时间：<2020-06-01 23:22:40 作者：8k少年神探狄仁杰粤语版vgE 浏览量：9777
He came over to the bed and looked down on her. Her eyes were haunting ... and the vestiges of youth about her face. But he no longer pitied or spared. Boarzell had taught him his first lesson—that only the hard shall triumph in the hard fight, and that he who would spare his brother shall do no better than he who would spare himself.
"You know I don't want to meet your father—and I'm sure he'll disgrace us.""No!—how can I?"
"To me?""Quite so," said Albert, who seemed to have learned sarcasm in exile—"h?morrhage is so deuced easy to sham."
"The fools! Wot do they think they're a-doing of? D?an't they know how to put out a fire?""Will you marry me, Naomi?""Yes"—said Dr. Espinette. He did not feel inclined to mince matters with Backfield.
She began to knock, first softly, then more desperately. She must get in. Nothing was to be heard except her own despairing din—the house seemed plunged in[Pg 316] sleep. Rose's fear grew, spread black bat's wings, and darkened all her thoughts—for she knew that someone must have heard her, she could not make all this racket quite unheard."Yes."
"Stop—you're spoiling my h?adge!"Reuben crept out of his thorn cavern and looked down the slope. At the bottom by Socknersh one or two lanterns moved through the dusk. He stiffly threw up his arm and tried to shout. His throat felt cramped and swollen, and it was not till after one or two attempts that a sound pitifully like a bleat came out of it. A voice answered him from the hollow, and then he saw that they were carrying something. He limped painfully down to them. Richard, Boorman, and Handshut carried a hurdle between them, and on the hurdle lay a draggled boy, whose clenched hand clutched a tuft of earth and grass as a victim might clutch a handful of his murderer's hair.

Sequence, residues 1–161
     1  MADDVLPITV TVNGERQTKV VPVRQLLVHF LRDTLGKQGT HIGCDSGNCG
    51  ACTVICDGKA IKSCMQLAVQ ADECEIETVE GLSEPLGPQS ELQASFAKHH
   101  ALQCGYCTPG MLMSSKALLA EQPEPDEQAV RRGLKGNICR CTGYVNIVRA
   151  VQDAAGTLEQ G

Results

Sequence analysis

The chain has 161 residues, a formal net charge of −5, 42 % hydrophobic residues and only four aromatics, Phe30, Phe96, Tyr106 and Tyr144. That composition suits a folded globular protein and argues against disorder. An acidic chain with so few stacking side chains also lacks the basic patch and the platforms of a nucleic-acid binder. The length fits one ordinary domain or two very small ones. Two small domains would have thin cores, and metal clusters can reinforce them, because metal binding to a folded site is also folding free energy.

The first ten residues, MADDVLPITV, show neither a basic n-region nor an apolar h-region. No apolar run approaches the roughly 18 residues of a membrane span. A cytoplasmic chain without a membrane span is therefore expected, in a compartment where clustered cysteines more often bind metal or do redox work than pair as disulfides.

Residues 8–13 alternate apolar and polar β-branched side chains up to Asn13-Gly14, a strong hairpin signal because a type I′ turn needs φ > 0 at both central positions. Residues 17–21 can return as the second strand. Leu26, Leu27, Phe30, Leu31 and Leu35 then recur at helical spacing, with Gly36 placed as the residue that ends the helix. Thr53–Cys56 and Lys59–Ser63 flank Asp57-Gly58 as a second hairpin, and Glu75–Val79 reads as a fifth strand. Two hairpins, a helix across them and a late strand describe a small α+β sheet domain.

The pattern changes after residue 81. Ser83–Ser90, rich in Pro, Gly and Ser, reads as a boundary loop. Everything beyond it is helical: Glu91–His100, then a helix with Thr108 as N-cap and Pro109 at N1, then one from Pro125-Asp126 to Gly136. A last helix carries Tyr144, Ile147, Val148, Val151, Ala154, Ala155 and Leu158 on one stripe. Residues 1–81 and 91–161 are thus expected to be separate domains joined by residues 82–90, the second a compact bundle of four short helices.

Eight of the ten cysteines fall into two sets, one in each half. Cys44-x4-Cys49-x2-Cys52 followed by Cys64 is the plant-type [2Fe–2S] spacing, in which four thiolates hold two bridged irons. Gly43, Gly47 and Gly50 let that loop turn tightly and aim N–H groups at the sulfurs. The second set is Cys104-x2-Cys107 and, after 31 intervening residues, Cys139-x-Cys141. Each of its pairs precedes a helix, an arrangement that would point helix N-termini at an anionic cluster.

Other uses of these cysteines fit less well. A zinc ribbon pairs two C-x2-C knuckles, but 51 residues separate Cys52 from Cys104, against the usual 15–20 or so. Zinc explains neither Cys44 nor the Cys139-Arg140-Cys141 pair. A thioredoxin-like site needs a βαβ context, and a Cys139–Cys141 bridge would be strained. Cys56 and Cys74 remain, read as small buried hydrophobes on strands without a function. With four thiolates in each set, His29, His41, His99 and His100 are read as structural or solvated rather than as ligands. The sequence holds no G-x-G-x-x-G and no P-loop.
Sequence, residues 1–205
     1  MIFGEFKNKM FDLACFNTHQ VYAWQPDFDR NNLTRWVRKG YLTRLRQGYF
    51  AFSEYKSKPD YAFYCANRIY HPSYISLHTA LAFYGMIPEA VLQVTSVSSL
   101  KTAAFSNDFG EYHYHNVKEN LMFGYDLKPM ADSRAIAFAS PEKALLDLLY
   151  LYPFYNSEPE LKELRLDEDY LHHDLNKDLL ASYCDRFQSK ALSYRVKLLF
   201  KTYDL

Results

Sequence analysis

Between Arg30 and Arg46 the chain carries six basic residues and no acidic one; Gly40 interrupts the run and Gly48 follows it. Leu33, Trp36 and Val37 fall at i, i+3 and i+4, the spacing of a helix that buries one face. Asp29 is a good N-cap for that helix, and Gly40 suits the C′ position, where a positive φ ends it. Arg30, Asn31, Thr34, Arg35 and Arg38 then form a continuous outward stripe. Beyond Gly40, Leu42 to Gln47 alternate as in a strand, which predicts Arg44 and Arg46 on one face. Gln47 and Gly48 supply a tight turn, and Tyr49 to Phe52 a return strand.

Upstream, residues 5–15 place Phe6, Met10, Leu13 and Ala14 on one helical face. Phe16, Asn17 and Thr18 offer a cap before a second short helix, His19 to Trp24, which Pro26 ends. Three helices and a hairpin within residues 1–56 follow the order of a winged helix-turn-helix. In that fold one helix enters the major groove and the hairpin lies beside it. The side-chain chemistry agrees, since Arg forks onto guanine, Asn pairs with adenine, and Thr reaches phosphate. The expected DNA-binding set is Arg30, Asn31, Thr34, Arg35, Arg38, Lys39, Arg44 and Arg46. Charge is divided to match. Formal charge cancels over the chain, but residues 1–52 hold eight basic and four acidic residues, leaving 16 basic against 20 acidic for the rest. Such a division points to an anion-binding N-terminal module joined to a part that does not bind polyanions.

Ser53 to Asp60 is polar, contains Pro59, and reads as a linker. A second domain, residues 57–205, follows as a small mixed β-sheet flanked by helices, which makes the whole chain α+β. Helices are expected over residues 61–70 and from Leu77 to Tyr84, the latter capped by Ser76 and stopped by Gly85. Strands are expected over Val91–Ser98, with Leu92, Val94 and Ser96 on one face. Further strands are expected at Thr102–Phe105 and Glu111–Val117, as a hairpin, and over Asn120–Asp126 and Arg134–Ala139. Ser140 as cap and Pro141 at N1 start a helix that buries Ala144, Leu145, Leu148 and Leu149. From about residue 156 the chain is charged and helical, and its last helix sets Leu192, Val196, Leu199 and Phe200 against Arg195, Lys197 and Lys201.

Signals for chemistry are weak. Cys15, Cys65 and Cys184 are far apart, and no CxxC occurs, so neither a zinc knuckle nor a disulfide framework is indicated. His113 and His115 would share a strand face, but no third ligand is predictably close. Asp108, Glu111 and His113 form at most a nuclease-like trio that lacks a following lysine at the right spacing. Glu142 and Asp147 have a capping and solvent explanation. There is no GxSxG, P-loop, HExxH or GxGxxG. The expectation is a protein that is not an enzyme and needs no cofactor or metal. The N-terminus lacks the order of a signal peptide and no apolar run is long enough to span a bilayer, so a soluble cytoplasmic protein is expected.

At last he wandered desperately away, treading the furrows of his new ground on Boarzell, reckless that he trod the young seed harrowed into them. In that black moment even his winter crops were nothing to him. He saw, thought of, realised only one thing—and that was Rose, the false, the gay, the wanton, and the beautiful—oh the beautiful!—laughing at him from another man's arms. He could see her laughing, see just how her lips parted, just how her teeth shone—those little teeth, so regular except for the pointed canines—just how the dimples came at the corners of her mouth, those dear little hollows which he had dug with his kisses...."I'll——" he began desperately. But even Robert had the wit not to finish his sentence.
Then came a day early in December, when they were walking home together through the mud of Totease Lane, their faces whipped into redness by the south-west wind. Naomi wore a russet cloak and hood, and her hair, on which a few rain-drops glistened, was teasing her eyes. She held Reuben's arm, for the ruts were treacherous, and he noticed the spring and freedom of her walk. A sudden turn of the lane brought them round due west, and between them and the sunset stood Boarzell, its club of firs knobbily outlined against the grape-red sky. It smote itself upon Reuben's eyes almost as a thing forgotten—there, half blotting out the sunset with its blackness. Unconsciously his arm with Naomi's hand on it contracted against his side, while the colour deepened on his cheek-bones."Sad fur them, I reckon, but not fur me. I'm well shut of them."